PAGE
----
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Estimating the Equity Premium

Published online by Cambridge University Press:  08 June 2010

R. Glen Donaldson
Sauder School of Business, University of British Columbia, 2053 Main Mall, Vancouver, BC V6T 1Z2, Canada.
Mark J. Kamstra
Schulich School of Business, York University, 4700 Keele St., Toronto, ON M3J 1P3, Canada.
Lisa A. Kramer
Rotman School of Management, University of Toronto, 105 St. George St., Toronto, ON M5S 3E6, Canada.


Existing empirical research investigating the size of the equity premium has largely consisted of a series of innovations around a common theme: producing a better estimate of the equity premium by using better data or a better estimation technique. The equity premium estimate that emerges from most of this work matches one moment of the data alone: the mean difference between an estimate of the return to holding equity and a risk-free rate. We instead match multiple moments of U.S. market data, exploiting the joint distribution of the dividend yield, return volatility, and realized excess returns, and find that the equity premium lies within 50 basis points of 3.5%, a range much narrower than was achieved in previous studies. Additionally, statistical tests based on the joint distribution of these moments reveal that only those models of the conditional equity premium that embed time variation, breaks, and/or trends are supported by the data. In order to develop the joint distribution of the dividend yield, return volatility, and excess returns, we need a model of price and return fundamentals. We document that even recently developed analytically tractable models that permit autocorrelated dividend growth rates and discount rates impose restrictions that are rejected by the data. We therefore turn to a wider range of models, requiring numerical solution methods and parameter estimation by the simulated method of moments.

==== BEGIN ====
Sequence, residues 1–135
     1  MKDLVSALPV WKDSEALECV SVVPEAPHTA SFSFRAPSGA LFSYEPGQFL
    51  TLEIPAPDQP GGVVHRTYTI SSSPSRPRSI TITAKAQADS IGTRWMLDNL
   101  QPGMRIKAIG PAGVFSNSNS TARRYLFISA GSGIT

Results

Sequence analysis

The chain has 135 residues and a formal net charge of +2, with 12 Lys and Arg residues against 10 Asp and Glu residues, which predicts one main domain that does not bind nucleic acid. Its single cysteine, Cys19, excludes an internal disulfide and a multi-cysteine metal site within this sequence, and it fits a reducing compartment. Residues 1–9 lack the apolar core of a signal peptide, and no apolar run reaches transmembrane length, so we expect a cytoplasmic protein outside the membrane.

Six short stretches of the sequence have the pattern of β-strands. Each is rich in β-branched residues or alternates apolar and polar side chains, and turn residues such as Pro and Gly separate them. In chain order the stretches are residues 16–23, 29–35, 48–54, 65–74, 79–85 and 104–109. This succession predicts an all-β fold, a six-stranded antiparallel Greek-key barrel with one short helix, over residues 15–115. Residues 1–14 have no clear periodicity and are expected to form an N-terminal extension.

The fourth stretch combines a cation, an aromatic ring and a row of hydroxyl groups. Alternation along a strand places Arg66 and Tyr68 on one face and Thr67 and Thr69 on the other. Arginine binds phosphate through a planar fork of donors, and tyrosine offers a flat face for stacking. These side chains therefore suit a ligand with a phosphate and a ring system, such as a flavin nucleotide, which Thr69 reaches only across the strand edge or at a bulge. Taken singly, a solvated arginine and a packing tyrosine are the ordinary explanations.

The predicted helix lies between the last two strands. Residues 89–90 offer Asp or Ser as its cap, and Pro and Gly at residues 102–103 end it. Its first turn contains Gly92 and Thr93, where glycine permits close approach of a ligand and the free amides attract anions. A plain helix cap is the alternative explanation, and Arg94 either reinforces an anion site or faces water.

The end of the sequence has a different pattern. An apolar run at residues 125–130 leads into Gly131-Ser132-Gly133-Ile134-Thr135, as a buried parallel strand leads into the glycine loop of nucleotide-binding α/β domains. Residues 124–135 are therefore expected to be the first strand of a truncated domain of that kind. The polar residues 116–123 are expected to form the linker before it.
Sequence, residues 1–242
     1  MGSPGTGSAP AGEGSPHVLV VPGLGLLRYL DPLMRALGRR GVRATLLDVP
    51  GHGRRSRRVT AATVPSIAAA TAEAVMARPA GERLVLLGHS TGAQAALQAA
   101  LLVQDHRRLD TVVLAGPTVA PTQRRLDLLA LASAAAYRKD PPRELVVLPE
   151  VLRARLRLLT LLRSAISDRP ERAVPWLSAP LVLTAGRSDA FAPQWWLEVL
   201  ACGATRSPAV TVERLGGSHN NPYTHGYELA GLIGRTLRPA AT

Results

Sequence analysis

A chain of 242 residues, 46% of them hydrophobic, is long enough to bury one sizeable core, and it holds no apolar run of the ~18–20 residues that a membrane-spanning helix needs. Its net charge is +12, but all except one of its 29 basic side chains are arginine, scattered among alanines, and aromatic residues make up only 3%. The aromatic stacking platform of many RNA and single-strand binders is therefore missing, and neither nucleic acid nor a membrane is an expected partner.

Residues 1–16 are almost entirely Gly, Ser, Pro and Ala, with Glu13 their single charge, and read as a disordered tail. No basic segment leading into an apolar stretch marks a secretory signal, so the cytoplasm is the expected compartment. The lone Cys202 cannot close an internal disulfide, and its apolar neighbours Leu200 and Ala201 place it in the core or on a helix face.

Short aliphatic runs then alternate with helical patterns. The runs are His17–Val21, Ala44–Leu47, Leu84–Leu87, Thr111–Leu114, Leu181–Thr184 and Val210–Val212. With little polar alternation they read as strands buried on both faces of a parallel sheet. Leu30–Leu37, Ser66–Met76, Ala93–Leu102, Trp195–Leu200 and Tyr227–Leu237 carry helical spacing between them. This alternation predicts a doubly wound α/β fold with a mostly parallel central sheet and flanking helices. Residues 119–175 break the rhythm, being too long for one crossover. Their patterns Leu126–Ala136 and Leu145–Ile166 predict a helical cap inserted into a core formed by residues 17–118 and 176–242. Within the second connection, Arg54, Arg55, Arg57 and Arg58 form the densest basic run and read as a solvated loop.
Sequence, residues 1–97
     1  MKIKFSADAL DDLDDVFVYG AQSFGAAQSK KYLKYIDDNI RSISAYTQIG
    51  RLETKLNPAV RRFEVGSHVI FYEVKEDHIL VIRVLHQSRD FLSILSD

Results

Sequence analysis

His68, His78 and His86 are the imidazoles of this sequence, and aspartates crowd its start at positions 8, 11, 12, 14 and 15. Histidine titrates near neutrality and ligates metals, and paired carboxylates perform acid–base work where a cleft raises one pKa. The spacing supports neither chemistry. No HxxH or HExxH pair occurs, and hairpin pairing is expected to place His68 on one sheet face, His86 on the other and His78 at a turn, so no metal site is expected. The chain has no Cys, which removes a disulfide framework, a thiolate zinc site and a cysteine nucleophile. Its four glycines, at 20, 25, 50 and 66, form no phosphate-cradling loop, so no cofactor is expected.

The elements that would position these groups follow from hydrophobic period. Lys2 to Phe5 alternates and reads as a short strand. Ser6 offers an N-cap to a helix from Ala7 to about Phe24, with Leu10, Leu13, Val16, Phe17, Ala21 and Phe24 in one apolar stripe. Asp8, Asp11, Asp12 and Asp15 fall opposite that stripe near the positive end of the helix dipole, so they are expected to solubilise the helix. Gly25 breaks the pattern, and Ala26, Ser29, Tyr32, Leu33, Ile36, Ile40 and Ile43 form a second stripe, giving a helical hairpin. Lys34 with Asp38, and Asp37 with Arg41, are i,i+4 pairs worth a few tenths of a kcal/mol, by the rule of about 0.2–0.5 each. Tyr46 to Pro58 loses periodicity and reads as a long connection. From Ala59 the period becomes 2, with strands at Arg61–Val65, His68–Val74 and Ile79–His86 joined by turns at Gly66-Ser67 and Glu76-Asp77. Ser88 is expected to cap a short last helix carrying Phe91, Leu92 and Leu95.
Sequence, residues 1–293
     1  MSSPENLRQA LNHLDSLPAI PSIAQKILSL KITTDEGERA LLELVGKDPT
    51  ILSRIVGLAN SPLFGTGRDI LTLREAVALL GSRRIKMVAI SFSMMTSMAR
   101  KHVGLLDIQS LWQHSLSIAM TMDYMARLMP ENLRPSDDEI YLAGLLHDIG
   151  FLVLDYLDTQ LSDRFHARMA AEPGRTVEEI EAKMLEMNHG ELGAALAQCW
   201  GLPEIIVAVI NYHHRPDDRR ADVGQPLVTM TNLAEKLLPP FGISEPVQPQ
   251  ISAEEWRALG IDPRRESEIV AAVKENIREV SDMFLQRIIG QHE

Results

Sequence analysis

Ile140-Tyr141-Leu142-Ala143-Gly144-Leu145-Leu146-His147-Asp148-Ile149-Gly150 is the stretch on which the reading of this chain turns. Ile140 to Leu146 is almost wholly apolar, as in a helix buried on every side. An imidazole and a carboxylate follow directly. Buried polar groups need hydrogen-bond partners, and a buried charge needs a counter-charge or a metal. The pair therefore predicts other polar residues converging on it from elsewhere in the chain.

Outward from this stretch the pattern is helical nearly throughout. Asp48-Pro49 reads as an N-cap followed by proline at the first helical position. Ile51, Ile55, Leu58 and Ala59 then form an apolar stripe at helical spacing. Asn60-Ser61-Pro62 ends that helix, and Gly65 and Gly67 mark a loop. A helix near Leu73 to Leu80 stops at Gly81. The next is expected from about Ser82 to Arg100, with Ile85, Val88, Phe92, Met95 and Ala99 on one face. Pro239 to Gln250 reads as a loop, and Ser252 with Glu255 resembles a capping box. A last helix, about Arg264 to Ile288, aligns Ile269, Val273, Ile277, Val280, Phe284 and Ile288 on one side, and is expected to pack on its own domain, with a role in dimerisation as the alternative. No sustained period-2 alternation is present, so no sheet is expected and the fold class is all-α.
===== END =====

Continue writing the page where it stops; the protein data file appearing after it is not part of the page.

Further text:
Research Articles
Copyright © Michael G. Foster School of Business, University of Washington 2010

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